Texas Exes Shanghai Chapter Looks at China and UT’s Icy Explorations

James Bond hopped in the cockpit of a DC-3 airliner in Quantum of Solace. Indiana Jones, too, took a ride on the gleaming aircraft. More recently, the plane made an appearance in the final scene of La La Land. The classic plane, which debuted in the 1930s, has long been romanticized onscreen. Now, a group of researchers at UT has found a new purpose for the DC-3: polar explorations.

A researcher from UT’s Institute of Geophysics, Jamin Greenbaum, BS ’04, MS ’06, PhD ’15, Life Member, has used three different DC-3s to explore Antarctica and the Arctic. In 2015, Greenbaum and other UTIG researchers teamed up with the Polar Research Institute of China to survey an unknown area of Antarctica in a 1942 DC-3 used in World War II. “Besides the fact that it’s super strong, it has skis so it can lay on snow and ice, and it has a fairly decent range,” Greenbaum says. “Since it’s big, we can fit a lot of instruments on board.” The collaboration is part of a project called ICECAP/PEL—International Collaborative Exploration of the Cryosphere through Aerogeophysical Profiling—which includes the Imperial College of London, the University of Delhi, and the Australian Antarctic Division in addition to UTIG and China. On these flights, researchers operate over one thousand pounds of equipment used to gather data like ice thickness, ice elevation, and the type of rock beneath the ice. They then use the data to understand the geography of Antarctica below its ice and answer questions about tectonic plates and sea level.

The team has been surveying a region called Princess Elizabeth Land, a part of Antarctica south of India and Sri Lanka. Prior to this research, the region—about the size of Texas—was the largest unsurveyed area of any continent. The researchers think they have identified areas along the coast where India was attached to Antarctica 150 million years ago. What Greenbaum finds most pertinent is information about sea level rise. The team is looking for areas of Antarctica that are likely to be the next to retreat. “There are over 100 million people living within three feet or so of sea level around the world,” he says. “Many of the projections put global sea level at somewhere around three feet above present level at the end of the century. It’s important to those people’s lives, and there’s a lot of economic impact potentially if we aren’t prepared.”

On April 29, Greenbaum and other researchers shared their findings in Shanghai at an event attended by local Texas Exes chapter members. Hosted by the Polar Research Institute, which coordinates China’s polar research, it was held on the icebreaker ship Xuelong, and was an opportunity for alumni from universities involved in this research partnership to see what their alma maters are doing with China in Antarctica. Aboard the giant ship, Martin Siegert, a professor from Imperial College London, gave a talk about climate change, and Greenbaum gave a presentation about the research in Antarctica.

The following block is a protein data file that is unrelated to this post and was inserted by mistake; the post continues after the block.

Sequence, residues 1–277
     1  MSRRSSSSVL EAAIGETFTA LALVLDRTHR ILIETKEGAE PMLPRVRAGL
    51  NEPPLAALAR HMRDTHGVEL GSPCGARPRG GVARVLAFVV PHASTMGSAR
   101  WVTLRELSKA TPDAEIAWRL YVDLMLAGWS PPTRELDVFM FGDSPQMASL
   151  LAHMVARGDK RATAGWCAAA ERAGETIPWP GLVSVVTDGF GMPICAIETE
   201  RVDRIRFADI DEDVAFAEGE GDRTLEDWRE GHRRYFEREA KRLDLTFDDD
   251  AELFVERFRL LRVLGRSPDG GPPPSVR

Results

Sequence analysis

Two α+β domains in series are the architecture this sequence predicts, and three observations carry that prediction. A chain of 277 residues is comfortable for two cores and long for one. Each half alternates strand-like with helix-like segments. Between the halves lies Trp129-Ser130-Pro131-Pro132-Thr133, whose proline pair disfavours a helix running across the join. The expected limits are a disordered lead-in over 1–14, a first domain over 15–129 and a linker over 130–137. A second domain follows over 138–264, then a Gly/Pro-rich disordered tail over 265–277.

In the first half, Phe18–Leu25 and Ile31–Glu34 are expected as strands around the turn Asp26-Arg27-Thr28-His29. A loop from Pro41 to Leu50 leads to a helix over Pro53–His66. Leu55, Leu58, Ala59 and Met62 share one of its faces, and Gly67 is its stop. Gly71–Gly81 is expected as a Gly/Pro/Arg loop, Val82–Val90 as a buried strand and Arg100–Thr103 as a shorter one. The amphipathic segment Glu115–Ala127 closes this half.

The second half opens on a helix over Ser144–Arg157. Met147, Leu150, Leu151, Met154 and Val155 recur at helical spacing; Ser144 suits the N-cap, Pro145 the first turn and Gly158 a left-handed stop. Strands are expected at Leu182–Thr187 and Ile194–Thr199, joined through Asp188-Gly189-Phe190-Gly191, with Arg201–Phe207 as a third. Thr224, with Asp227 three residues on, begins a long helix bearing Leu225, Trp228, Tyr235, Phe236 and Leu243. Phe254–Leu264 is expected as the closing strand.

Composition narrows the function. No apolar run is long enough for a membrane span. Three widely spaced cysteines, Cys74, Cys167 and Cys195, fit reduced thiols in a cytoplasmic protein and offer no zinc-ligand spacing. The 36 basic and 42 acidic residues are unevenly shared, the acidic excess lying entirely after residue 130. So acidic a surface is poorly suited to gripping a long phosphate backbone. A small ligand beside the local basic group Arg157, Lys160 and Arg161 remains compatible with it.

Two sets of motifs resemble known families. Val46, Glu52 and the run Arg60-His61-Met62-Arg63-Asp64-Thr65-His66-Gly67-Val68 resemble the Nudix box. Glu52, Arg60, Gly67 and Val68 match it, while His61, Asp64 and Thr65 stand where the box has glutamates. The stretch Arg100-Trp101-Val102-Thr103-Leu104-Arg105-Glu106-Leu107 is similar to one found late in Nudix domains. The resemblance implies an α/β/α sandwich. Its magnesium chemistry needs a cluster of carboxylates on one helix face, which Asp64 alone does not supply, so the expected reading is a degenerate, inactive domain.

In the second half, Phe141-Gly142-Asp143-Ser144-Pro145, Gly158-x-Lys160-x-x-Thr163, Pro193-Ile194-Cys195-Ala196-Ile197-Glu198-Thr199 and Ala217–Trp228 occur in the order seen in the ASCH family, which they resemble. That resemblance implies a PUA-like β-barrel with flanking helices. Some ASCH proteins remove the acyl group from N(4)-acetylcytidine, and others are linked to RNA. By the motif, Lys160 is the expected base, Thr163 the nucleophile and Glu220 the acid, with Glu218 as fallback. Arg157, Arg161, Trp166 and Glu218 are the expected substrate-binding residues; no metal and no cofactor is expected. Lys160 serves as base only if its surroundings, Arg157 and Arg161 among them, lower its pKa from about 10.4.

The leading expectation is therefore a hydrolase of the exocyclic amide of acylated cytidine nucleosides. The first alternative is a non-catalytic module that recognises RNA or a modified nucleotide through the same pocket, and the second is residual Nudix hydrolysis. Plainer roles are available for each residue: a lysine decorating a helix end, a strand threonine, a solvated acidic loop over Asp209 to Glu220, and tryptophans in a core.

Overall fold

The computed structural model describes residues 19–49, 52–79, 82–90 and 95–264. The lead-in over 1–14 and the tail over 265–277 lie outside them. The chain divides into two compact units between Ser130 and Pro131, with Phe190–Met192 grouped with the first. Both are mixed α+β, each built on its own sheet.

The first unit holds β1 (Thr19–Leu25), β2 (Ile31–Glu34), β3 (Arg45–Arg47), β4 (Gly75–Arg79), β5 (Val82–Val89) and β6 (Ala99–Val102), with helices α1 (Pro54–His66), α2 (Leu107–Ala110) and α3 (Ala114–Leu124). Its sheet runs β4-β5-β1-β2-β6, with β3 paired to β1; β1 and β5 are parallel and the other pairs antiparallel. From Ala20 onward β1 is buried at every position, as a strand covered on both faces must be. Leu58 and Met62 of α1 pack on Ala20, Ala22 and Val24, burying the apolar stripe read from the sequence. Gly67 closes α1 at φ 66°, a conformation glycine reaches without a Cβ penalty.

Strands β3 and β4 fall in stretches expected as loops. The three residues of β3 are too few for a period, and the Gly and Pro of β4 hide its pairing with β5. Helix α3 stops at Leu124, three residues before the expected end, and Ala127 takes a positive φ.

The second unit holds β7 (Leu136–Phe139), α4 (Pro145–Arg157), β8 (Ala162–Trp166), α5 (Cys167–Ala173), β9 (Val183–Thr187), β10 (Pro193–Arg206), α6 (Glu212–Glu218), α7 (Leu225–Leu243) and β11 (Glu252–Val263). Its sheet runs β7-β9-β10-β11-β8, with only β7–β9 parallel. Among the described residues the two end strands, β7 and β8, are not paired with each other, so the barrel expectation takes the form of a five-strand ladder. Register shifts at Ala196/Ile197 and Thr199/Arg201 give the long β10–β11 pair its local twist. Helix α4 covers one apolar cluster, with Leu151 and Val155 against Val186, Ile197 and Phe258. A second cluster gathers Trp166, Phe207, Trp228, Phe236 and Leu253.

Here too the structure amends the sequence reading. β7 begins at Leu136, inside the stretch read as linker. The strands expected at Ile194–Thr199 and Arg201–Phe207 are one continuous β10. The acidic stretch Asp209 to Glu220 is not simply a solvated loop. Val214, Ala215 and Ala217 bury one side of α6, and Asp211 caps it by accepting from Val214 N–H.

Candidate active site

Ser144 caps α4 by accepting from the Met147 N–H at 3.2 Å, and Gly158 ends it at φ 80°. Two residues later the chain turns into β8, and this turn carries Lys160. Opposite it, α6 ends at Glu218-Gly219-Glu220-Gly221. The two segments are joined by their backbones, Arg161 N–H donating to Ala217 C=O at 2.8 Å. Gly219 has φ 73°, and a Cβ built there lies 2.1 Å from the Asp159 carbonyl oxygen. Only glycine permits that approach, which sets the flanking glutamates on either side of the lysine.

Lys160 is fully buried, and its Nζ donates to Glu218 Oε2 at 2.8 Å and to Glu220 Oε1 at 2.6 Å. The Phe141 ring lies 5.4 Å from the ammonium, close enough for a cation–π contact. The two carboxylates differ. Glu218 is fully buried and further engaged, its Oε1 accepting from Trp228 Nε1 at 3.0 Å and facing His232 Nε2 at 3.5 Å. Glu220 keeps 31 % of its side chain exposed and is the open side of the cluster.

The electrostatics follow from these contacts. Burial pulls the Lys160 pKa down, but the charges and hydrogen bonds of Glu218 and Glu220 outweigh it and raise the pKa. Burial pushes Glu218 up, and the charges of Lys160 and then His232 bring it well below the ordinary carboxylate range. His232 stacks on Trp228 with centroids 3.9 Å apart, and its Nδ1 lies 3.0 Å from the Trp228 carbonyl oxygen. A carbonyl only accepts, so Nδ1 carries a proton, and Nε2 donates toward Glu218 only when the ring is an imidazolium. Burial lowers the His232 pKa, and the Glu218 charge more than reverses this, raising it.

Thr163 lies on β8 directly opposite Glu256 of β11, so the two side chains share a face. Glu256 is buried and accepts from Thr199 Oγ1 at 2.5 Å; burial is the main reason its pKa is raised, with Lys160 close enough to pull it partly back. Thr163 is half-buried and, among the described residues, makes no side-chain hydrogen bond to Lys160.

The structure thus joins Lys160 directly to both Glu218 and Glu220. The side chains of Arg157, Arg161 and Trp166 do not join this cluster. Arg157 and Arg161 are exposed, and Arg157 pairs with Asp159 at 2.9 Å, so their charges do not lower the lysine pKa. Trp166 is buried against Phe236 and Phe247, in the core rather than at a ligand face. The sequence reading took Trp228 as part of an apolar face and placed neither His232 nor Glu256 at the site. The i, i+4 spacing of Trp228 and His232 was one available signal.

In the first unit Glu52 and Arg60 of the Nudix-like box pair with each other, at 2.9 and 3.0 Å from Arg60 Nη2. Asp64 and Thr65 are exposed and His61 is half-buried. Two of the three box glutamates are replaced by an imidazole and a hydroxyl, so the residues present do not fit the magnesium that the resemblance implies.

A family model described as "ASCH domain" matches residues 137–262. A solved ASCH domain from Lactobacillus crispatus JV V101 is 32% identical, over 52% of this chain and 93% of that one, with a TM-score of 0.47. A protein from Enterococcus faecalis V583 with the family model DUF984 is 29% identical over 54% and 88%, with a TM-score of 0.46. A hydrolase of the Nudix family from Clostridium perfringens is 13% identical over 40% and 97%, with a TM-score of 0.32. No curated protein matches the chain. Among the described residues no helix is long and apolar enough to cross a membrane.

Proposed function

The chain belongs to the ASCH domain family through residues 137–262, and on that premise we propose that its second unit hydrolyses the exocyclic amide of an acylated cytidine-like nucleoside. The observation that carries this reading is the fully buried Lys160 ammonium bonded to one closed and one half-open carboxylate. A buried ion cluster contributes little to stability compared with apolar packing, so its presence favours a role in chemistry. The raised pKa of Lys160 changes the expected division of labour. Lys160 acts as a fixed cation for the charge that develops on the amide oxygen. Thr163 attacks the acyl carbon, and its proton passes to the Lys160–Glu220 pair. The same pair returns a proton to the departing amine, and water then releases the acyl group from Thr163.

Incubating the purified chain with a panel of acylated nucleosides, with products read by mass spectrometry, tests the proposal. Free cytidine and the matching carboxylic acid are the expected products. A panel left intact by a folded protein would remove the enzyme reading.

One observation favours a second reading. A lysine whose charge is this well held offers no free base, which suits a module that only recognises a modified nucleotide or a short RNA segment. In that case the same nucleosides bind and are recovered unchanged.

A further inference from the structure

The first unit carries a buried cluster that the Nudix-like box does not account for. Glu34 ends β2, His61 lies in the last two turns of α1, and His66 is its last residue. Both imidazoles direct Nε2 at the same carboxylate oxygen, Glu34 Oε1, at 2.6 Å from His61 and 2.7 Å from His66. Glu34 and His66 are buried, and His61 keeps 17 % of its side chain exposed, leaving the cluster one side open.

David Danvers, BBA ’73, president of the Shanghai Texas Exes chapter, says the event was a success. Danvers helped start the Shanghai chapter in 2015, which now has over 230 members. For this recent event, there was only room for a few UT alumni. Kevyn Kennedy, BA ’86, Life Member, who also helped form the chapter, and his son Matt, who will be a UT freshman in the fall, joined Danvers. “It was incredible to say the least,” Danvers says. “This is something beyond the realm of reality—what’s going on down in Antarctica, the last unexplored continent.”

Danvers moved to Shanghai 12 years ago for his job with NCR Corporation. He has since retired but still lives there, spending much of his time keeping UT connected to China. “There’s no other country like it,” he says. “We want to foster the best relations that we can.”

Aside from attending UT-related events together, the Shanghai Texas Exes chapter keeps up with what’s happening on the Forty Acres. “When the fall comes, we all get together and watch football games,” Danvers says. “Of course, they’re in the middle of the night here.” The chapter’s Alumni Reception took place in Shanghai on June 21. Featuring UT’s Executive Vice President and Provost Maurie McInnis, Life Member, it allowed alumni to connect with their alma mater.

Greenbaum says fostering relationships with other countries is particularly important in solving world problems, like sea level rise. That’s why this partnership between China, UT, and other countries is important—connecting with different countries enables researchers to collaborate and utilize research bases that are relevant to their scientific questions. “The sea level question in particular is a global problem,” Greenbaum says. “It needs a global set of solutions.”

Credits, from top: Wang Nan; Jamin S. Greenbaum

 
 
 

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